Second-Order Systems and Their Implications

And how I try to outperform

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Mar 24, 2022
  • How would you approach the stock market if you could predict future events?
  • I outline one reason why prediction helps little, and its implications for investors.
  • As a more enterprising investor, I list a few key elements of my approach with the aim to outperform the system without predicting the future.
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While writing this piece at the moment on March 16, 2022, I easily feel an empty street through the window, even during the rush hour of this late afternoon. My city is nearly in lockdown, alongside many peer cities in the world’s second-largest economy, in combat with the pandemic. Globally, our health care systems have been under pressure for the last two years, seeing no light at the end of the tunnel yet. Still, most of our daily life continues to be impacted (think travel and dining out here). De-globalization appears to become a global theme (both physically and mentally, I would say). Business managers across regions and sectors are commonly facing supply-chain disruption and labor shortages. “Antitrust” and “inflation” (if not “stagflation”) have become frequent words in news headlines over many major markets. And indeed, the list would be by no means near completion without mentioning the war going on in Ukraine.

Now take a minute to imagine that at the start of 2020, you were able to predict all these – at that point, how would you, for the next two years, plan to approach the stock market, which was then hitting all-time highs? It may look logical for investors to stay as far away as possible. Nonetheless, stocks turned out to have great years in 2020 and 2021. At the time of this writing, even after recent sell-offs, the broadly diversified MSCI ACWI All-cap Index (ACWI) has delivered a solid 21.5% total net return in USD since 2020. So, what were those investors missing there?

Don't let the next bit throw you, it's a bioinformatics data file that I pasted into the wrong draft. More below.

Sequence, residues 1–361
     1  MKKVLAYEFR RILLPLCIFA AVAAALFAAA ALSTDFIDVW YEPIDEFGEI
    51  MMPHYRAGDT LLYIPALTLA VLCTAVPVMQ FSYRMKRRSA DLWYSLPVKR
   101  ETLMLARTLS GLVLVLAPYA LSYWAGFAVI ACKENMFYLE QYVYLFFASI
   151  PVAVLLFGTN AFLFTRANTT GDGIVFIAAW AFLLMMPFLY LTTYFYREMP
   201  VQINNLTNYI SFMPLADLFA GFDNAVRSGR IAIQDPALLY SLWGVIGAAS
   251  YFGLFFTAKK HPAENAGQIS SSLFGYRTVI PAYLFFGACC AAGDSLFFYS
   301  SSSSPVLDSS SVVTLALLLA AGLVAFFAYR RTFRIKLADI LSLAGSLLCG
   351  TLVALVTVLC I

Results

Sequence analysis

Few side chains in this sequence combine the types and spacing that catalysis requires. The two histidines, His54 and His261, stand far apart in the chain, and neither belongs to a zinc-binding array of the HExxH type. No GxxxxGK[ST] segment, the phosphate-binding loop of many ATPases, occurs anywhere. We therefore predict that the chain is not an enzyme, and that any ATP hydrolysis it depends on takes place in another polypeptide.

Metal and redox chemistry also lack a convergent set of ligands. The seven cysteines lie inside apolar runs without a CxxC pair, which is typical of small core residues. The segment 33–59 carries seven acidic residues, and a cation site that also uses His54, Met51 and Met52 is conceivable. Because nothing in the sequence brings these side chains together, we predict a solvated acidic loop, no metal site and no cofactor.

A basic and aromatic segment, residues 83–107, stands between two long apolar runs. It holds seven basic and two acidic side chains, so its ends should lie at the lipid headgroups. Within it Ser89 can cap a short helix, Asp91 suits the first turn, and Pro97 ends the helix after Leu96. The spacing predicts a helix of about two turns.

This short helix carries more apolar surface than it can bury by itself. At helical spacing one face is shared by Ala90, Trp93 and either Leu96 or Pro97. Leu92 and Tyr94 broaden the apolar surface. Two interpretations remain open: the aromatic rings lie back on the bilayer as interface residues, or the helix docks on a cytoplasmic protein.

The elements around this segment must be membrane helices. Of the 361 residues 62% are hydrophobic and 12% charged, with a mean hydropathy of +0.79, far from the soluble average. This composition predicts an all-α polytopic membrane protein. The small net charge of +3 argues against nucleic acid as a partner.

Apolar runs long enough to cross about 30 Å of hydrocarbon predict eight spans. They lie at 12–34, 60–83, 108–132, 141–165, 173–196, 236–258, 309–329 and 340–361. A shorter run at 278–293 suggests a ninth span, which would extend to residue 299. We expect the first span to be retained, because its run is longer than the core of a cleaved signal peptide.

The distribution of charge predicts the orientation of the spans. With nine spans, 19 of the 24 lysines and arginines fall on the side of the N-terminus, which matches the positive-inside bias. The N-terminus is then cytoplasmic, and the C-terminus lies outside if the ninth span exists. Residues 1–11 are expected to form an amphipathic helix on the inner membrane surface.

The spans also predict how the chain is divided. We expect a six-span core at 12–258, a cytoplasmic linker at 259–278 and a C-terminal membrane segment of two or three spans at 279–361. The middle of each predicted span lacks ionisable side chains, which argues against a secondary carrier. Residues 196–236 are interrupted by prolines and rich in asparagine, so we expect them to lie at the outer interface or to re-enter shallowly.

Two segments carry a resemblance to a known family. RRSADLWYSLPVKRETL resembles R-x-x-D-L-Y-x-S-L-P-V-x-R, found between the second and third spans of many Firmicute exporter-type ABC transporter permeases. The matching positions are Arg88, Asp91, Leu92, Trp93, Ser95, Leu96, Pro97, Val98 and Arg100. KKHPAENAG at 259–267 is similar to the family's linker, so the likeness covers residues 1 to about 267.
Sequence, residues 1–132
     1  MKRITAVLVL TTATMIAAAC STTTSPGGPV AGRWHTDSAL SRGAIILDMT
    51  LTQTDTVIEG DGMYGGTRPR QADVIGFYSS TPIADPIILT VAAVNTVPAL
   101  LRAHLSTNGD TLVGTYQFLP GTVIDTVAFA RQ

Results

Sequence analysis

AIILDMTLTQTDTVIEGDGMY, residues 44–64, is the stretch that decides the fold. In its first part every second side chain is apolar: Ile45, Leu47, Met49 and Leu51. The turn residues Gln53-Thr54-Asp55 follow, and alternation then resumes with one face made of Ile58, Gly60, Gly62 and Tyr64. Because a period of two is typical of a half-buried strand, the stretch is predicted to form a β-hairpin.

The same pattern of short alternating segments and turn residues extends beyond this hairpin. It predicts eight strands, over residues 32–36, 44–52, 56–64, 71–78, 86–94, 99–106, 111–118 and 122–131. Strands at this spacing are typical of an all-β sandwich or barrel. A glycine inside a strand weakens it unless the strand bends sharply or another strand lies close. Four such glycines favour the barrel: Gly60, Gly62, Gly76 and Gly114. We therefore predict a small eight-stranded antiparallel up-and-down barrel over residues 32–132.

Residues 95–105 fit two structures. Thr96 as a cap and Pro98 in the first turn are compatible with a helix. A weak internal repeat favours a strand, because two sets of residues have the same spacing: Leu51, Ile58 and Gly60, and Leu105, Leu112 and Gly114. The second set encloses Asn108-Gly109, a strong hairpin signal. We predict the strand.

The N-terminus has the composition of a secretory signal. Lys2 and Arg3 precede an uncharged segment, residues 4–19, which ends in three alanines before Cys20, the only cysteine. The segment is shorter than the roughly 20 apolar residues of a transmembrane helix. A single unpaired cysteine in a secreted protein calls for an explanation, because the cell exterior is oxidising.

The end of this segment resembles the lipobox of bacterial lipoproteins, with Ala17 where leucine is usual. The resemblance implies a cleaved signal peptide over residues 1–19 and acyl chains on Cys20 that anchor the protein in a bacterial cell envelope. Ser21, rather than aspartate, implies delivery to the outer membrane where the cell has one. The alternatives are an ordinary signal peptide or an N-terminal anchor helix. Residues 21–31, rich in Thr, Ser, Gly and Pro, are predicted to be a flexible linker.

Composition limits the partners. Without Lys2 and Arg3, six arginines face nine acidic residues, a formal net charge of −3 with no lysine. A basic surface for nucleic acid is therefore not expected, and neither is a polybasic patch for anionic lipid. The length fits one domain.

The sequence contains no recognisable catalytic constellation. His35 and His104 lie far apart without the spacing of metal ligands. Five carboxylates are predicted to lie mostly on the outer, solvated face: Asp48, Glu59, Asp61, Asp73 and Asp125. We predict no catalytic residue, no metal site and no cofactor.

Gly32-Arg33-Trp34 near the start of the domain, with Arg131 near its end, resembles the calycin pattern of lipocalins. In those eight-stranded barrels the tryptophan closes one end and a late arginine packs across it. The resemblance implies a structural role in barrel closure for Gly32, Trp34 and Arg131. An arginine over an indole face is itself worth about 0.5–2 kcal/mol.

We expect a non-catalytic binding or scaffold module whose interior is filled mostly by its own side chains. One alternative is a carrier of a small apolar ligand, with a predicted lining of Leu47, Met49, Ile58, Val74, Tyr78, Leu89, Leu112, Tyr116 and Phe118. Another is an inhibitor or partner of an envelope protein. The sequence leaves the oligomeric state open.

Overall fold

The stock market is a second-order system: it is not the future events but the consensus view regarding the events that matters in determining the short-term share price movement. Since it is extremely difficult (if not impossible) to gauge other market participants’ perception with consistent accuracy, the optimal approach for most investors (although being counterintuitive to some degree) is to allocate long-term money to participate in the future prosperity of this planet and make every attempt to ALWAYS stay in the game, in my view.

As a more enterprising investor, I aim to do a little better over time than average participants who always stay in the game. It is worth noting that those "average participants" (i.e., passive investors buying low-cost, diversified index funds) have a reasonably high chance to do better over time than most other investors (including many well-educated Wall Street professionals).

Given the uselessness to predict future events, I guess that the remaining portion of this article can be better spent to explain how I try to beat hard-to-beat average Joe with their passive index funds (without predicting the future). I am going to take this opportunity to elaborate in the context of the companies that I have been dealing with.

For one, I exclusively look for the high-quality companies which generate consistently superior cash returns on capital with a healthy balance sheet – this applies to my companies of focus.